The One With The Overseas Highway and Pie
I have a soft spot for road trips. I simply love driving. I find it soothing even. So when I get to drive on a section of asphalt that I have dreamed of since I have had a licence, the feeling I get is a good one.
The Overseas Highway is one of these roads I have dreamed of driving on. Frequently featured in movies, with the best example being the Arnold Schwarzenegger classic, True Lies. The scene which features Arnie hanging from a helicopter yelling at Jamie Lee Curtis and her ridiculously pushed up breasts that “The bridge is ooout!”. Of course he gets his girl before watching a nuclear bomb detonate destroying Key West.
While Key West does interest me as a travel destination as much as a Hollywood plot point. Before Cancun, Mexico, all those stories of spring break used to come from here and with this being the southernmost point in continental United States of America it satisfies a lot of people’s interests. For me, it is the actual highway en route to Key West that intrigues me the most.
The Overseas Highway is part of Route 1. A main east coast highway that runs from the Canadian border in Fort Kent, Maine, all 2,377 miles (3,825 km) south down to Key West, Florida. The last 125 miles (200 km) is what is known as the Overseas Highway. Originally a railroad connecting Key West to the mainland, which was often referred to as the 8th wonder of the world, it was nearly completely destroyed by a monster hurricane in 1935. It was then rebuilt with 18 bridges and opened to vehicular traffic.
The longest bridge span is the Seven Mile Bridge. The new concrete bridge which sits alongside the original, is just a little shorter at 6.79 miles (10.93 km). An incredible engineering feat none the less and lifeline for Key West. Have I mentioned that I wanted to be a structural engineer when growing up?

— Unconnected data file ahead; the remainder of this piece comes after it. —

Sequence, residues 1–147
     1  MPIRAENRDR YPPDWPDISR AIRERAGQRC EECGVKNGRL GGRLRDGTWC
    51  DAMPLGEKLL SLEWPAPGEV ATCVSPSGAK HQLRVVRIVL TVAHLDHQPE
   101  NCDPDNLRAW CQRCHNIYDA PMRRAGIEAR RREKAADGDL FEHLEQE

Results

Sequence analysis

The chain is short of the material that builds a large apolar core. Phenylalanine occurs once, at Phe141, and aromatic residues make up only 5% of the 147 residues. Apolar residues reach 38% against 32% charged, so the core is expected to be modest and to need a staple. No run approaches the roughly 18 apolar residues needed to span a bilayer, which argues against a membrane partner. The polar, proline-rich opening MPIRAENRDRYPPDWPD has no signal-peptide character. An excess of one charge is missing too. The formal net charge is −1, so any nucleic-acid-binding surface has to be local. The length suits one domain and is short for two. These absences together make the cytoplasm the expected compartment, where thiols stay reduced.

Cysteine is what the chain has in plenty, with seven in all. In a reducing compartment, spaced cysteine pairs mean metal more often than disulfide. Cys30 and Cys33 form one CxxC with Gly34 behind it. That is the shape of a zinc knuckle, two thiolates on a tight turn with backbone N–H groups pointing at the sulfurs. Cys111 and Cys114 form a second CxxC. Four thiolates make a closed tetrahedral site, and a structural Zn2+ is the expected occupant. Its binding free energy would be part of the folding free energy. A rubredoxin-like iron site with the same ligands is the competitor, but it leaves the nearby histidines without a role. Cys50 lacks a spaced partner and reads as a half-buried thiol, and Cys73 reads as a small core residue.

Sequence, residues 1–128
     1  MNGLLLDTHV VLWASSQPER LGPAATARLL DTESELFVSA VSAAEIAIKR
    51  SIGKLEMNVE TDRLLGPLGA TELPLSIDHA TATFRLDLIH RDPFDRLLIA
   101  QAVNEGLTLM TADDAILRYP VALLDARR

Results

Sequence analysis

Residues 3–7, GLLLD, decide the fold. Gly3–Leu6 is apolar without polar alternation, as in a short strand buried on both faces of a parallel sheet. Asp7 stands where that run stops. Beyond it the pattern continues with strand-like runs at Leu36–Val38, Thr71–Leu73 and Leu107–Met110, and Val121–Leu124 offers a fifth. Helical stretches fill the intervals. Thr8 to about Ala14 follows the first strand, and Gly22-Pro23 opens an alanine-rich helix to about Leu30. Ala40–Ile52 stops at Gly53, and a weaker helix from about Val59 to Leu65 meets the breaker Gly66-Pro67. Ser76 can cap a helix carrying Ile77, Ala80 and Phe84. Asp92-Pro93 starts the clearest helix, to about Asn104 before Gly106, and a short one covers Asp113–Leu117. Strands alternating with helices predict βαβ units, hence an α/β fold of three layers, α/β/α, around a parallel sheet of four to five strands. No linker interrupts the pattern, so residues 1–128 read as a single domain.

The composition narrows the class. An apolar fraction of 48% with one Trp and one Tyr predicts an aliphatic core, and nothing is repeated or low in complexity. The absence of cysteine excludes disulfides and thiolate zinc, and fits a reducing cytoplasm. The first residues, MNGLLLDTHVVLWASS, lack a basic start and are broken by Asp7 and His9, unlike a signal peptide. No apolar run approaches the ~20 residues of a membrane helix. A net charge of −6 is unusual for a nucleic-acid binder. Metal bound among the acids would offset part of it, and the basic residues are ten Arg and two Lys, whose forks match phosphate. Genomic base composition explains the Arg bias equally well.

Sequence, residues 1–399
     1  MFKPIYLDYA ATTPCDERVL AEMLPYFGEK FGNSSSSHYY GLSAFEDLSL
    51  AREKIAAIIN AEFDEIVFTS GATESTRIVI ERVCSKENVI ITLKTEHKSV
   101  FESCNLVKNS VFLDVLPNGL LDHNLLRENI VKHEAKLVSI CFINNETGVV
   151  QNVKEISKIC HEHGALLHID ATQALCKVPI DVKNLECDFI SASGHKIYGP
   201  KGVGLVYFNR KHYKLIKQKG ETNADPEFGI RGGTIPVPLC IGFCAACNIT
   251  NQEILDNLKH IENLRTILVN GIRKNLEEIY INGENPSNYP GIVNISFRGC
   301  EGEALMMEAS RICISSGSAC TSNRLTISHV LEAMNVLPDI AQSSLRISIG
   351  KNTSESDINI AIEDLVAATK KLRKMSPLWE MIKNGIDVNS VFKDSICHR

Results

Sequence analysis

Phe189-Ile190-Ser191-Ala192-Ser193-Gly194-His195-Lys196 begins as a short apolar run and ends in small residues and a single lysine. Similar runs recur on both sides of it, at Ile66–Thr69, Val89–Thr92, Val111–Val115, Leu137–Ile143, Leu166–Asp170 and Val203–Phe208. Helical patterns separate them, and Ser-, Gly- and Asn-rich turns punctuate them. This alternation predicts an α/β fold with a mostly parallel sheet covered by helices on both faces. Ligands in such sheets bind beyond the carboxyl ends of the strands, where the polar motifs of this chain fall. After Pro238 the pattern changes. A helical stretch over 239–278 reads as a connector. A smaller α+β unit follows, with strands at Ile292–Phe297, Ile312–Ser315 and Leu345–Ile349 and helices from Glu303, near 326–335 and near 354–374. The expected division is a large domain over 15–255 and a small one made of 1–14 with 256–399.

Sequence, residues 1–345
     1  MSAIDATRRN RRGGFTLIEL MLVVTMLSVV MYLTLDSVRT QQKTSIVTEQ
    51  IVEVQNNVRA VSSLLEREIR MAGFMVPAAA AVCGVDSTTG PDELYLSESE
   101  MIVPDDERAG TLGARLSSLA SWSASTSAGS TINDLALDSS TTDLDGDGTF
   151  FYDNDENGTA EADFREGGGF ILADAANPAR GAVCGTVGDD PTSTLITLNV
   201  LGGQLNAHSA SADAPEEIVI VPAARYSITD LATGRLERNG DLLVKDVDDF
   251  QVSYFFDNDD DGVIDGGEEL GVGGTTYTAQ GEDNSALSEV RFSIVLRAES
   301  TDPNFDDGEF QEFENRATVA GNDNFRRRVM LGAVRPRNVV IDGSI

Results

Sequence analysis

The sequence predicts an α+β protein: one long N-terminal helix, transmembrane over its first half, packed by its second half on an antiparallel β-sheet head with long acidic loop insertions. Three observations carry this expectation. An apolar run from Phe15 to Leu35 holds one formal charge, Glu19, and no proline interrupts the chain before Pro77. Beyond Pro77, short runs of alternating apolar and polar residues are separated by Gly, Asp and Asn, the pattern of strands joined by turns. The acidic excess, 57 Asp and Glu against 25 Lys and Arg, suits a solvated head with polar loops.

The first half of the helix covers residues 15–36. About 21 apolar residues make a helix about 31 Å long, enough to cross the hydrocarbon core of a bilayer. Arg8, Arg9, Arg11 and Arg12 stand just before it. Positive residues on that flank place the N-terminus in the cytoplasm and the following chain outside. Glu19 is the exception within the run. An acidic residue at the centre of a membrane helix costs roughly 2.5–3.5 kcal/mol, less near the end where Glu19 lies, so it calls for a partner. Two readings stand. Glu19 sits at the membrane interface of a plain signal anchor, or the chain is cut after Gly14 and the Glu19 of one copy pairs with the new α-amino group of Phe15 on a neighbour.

Key West is the gateway to Cuba, being closer to Havana than Miami. Cuba is 90 miles (140 km) and before the Cuban Revolution there were regular ferries and flights between the two countries.
It is a beautiful blend of Cuban & American cultures, is very relaxed which is a nice change to party capital Miami. The locals were ever so friendly and helpful to this Australian who, for the life of me, couldn’t figure out how to put petrol/gas in the tank. What interests me the most about Key West is the military presence here. The main purpose of the Overseas Highway, nee Railroad, was to provide supplies to the massive Naval presence in the area.
The funny thing when you get here, is that the southernmost point in continental U.S.A. is not THE most southernmost point in continental U.S.A. That claim is reserved for a military installation hiding behind a very solid fence right next to the weird shaped chunk of painted concrete stating you are at the southernmost point in the continental U.S.A.
After finding a nice café/restaurant with its own man-made beach facing Cuba, we grab lunch. I enjoyed my blackened catch of the day B.L.T. wrap very much, but it was the desert that I came for. Key Lime Pie.
Key Lime Pie resembles Lemon Meringue Pie, but the main ingredient is very local. Key Limes are much more tart and aromatic than traditional limes, rewarding your bravery with a little kick in every bite. That kick is as fresh as it can get, nowhere else in the world will it have the same rich, intense taste. It is delicious.
My biggest regret about visiting Key West, is that I didn’t allow enough time to experience this beautiful pocket of the world. I would have loved to stay here for a night and wake up with a rum hangover. It was not to be though. After driving for nearly three hours to get here, some of our group were eager to get back to Miami. Unfortunately, not everyone shares the same interests and this is where group travel sometimes doesn’t work the best. The group decision is the usual victor.
The trip back north soon made up for my disappointment. The farewell that Key West gave us was incredible! With the sun setting behind us, the colours were intense. The beautiful turquoise water. The palm trees swaying in the warm breeze. Then, as we were crossing the impressive Seven Mile Bridge… Mother Nature one upped mankind.
Watching the sun set over Key West was breathtaking. I was in my own world from then on. It is becoming very apparent that I am a massive sucker for a beautiful sunset.
I would one day love to return to this beautiful place and experience it to the fullest extent, but something is telling me that a certain country 90 miles south may be a more amazing experience.
Have you been to Key West, Florida? What did you think of the area? Let me know in the comments.